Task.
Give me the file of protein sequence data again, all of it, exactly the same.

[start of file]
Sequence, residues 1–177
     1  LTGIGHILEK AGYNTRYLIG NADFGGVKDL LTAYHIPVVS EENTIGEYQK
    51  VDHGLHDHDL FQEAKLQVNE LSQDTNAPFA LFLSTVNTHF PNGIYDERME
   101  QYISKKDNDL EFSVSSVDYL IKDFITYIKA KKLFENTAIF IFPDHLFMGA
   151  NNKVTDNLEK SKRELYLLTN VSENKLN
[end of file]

Sequence, residues 1–177
     1  LTGIGHILEK AGYNTRYLIG NADFGGVKDL LTAYHIPVVS EENTIGEYQK
    51  VDHGLHDHDL FQEAKLQVNE LSQDTNAPFA LFLSTVNTHF PNGIYDERME
   101  QYISKKDNDL EFSVSSVDYL IKDFITYIKA KKLFENTAIF IFPDHLFMGA
   151  NNKVTDNLEK SKRELYLLTN VSENKLN